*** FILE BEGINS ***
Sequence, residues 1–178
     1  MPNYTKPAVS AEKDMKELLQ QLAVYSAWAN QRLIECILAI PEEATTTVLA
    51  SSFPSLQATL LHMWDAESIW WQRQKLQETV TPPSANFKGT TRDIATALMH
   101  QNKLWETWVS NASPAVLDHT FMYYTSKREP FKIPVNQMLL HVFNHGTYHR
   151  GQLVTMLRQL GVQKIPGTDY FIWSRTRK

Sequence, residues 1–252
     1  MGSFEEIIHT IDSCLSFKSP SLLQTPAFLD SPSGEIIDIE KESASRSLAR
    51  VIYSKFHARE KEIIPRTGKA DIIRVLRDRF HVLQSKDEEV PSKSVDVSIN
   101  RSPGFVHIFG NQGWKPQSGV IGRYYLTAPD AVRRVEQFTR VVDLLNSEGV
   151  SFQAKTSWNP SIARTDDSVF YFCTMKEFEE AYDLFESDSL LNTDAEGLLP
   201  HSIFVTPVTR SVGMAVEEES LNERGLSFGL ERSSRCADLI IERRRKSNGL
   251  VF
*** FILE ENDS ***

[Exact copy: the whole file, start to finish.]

Sequence, residues 1–178
     1  MPNYTKPAVS AEKDMKELLQ QLAVYSAWAN QRLIECILAI PEEATTTVLA
    51  SSFPSLQATL LHMWDAESIW WQRQKLQETV TPPSANFKGT TRDIATALMH
   101  QNKLWETWVS NASPAVLDHT FMYYTSKREP FKIPVNQMLL HVFNHGTYHR
   151  GQLVTMLRQL GVQKIPGTDY FIWSRTRK

Sequence, residues 1–252
     1  MGSFEEIIHT IDSCLSFKSP SLLQTPAFLD SPSGEIIDIE KESASRSLAR
    51  VIYSKFHARE KEIIPRTGKA DIIRVLRDRF HVLQSKDEEV PSKSVDVSIN
   101  RSPGFVHIFG NQGWKPQSGV IGRYYLTAPD AVRRVEQFTR VVDLLNSEGV
   151  SFQAKTSWNP SIARTDDSVF YFCTMKEFEE AYDLFESDSL LNTDAEGLLP
   201  HSIFVTPVTR SVGMAVEEES LNERGLSFGL ERSSRCADLI IERRRKSNGL
   251  VF